Producer-Led Beef Checkoff Committees Explained
The national Beef Checkoff was established as part of the 1985 Farm Bill and initiated by beef producers when 79 percent voted to make the Checkoff mandatory in a 1988 national referendum. To this day, the Checkoff is still producer-led. To accomplish the goals and objectives of the Beef Industry Long Range Plan, Checkoff committee members from the Cattlemen’s Beef Board (CBB) and the Federation of State Beef Councils collaborate together to drive demand for beef.
Producer leaders on the CBB with backgrounds in cow/calf, feeder, stocker, veal, dairy and imports oversee the investment of Checkoff funds. Nominated through a certified nominating organization, each member has the responsibility of serving on committees with specific functions.
The Beef Checkoff program committees and working groups are formed based on the strategies identified in the Long Range Plan; consumer trust, export growth, innovation, investor relations, market research, nutrition and health and safety. These committees review Checkoff work and make recommendations to the Beef Promotion Operating Committee, which ultimately makes program and contractor funding decisions. Approved contractors then develop plans and programs in the areas of promotion, research, consumer information, industry information, foreign marketing and producer communications. Also, the Checkoff has two additional joint committees with members of the CBB and Federation: the Beef Promotion Operating Committee and the Checkoff Evaluation Committee.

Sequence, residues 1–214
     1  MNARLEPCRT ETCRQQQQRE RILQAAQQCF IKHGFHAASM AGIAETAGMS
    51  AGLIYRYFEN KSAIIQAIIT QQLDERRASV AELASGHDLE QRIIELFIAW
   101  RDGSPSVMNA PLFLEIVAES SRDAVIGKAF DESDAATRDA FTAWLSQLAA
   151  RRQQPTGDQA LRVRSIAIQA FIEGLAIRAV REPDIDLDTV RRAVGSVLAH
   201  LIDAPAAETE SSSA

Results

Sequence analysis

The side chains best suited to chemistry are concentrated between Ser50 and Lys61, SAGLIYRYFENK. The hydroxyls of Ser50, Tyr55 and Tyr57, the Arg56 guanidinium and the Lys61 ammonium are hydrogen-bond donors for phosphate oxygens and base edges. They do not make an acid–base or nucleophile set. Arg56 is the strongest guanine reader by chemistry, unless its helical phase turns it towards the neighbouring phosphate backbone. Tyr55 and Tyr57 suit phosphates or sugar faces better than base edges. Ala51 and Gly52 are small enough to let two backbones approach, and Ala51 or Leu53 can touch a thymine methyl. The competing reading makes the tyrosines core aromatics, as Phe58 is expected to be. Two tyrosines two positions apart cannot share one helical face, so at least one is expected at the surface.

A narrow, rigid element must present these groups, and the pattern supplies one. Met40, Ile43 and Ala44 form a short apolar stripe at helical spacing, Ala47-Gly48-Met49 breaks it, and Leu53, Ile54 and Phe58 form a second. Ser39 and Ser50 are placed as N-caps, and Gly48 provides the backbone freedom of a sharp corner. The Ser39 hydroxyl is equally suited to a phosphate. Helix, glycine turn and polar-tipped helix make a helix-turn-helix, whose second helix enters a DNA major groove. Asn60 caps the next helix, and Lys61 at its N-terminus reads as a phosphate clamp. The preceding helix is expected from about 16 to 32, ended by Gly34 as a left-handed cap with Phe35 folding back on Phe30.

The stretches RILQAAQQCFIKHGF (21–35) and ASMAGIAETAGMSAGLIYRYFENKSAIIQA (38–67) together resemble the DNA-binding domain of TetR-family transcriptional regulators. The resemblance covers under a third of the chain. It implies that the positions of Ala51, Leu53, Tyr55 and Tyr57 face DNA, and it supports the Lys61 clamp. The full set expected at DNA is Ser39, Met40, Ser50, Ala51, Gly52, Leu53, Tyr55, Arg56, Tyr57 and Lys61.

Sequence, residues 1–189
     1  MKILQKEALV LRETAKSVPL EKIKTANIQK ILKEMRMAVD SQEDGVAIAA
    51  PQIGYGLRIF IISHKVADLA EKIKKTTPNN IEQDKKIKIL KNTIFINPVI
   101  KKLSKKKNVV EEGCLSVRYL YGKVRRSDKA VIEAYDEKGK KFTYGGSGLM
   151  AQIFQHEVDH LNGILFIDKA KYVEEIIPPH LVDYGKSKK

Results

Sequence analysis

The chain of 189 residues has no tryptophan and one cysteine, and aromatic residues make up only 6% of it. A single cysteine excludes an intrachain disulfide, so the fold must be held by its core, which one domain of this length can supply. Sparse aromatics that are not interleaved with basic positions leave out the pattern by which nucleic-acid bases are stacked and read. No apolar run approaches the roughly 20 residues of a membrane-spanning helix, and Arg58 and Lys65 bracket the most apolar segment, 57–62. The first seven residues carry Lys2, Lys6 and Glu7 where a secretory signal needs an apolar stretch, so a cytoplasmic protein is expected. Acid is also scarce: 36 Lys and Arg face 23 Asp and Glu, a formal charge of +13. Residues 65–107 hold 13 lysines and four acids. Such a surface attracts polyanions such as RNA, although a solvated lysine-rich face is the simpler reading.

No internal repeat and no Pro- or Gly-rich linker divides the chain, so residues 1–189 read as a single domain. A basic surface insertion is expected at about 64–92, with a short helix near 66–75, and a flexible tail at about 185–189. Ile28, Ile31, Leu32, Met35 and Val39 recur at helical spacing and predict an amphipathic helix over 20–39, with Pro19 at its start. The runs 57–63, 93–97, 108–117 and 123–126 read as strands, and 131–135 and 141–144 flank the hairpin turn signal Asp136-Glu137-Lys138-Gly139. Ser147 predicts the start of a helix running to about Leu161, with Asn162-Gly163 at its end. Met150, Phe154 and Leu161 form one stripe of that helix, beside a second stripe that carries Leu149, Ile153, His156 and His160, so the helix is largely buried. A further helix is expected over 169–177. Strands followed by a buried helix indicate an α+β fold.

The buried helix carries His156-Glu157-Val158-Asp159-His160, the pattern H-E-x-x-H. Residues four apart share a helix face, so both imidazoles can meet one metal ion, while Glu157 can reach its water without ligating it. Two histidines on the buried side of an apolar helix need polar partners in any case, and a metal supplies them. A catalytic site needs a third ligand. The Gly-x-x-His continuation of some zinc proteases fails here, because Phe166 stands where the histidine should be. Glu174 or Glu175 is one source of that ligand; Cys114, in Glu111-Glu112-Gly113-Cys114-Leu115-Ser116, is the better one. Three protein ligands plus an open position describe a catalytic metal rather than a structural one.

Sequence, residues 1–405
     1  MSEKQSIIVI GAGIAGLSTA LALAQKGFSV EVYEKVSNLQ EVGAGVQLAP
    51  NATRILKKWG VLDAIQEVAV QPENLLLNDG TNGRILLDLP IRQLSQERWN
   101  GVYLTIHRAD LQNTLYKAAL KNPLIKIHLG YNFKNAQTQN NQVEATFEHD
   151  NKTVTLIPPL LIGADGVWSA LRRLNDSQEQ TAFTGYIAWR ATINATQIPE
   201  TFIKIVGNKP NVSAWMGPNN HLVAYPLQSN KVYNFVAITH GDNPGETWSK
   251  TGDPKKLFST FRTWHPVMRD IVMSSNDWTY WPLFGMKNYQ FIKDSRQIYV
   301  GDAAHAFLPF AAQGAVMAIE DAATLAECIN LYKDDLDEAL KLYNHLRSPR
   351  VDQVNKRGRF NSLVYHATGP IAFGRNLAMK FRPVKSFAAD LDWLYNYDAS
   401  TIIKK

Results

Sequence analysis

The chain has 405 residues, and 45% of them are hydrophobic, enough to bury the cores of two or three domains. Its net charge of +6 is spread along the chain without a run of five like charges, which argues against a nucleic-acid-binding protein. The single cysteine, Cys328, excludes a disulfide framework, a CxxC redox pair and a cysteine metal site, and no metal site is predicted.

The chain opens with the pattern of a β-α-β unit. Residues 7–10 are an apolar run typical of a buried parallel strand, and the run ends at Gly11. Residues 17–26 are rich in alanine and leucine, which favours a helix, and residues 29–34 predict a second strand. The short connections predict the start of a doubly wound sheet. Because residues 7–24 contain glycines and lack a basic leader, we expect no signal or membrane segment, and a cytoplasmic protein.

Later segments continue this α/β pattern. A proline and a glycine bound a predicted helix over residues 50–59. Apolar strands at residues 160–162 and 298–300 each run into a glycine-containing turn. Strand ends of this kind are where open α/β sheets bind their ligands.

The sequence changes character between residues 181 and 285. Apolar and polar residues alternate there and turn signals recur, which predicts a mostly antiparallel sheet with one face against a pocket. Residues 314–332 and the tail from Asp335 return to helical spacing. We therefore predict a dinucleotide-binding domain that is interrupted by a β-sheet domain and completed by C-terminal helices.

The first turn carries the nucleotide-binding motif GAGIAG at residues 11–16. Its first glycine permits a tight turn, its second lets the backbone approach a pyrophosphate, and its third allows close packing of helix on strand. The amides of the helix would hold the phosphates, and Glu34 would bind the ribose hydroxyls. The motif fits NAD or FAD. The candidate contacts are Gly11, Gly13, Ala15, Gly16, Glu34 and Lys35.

Members of Beef Checkoff program committees and working groups are split evenly with 20 members from the CBB and 20 members representing the Federation of State Beef Councils – the Beef Industry Council’s successor organization. This split reflects both national and state priorities and helps the Beef Checkoff spend dollars more effectively and efficiently.
The Beef Promotion Operating Committee has 20 members, 10 of whom are elected to serve by the Cattlemen’s Beef Board, while the other 10 are selected by the states through the Federation of State Beef Councils. No program is approved unless two-thirds of the members of the Operating Committee vote to accept it. This means a program must have recognized value to earn the consensus needed for funding.
Committee members make significant decisions for the Beef Checkoff and the industry; that’s why the CBB encourages producers across the U.S. to get involved in the process. All Checkoff meetings are open for producers to attend. Visit the meeting center DrivingDemandForBeef.com to see upcoming meetings and teleconferences. To become a member of the board, a producer should work with a certified nominating organization to become nominated, then appointed by the Secretary of Agriculture. The Beef Checkoff is a program built by producers for producers and is strengthened by those involved who lend their voices, thoughts and ideas.
The Beef Checkoff program was established as part of the 1985 Farm Bill. The checkoff assesses $1 per head on the sale of live domestic and imported cattle, in addition to a comparable assessment on imported beef and beef products. States may retain up to 50 cents on the dollar and forward the other 50 cents per head to the Cattlemen’s Beef Promotion and Research Board, which administers the national checkoff program, subject to USDA approval.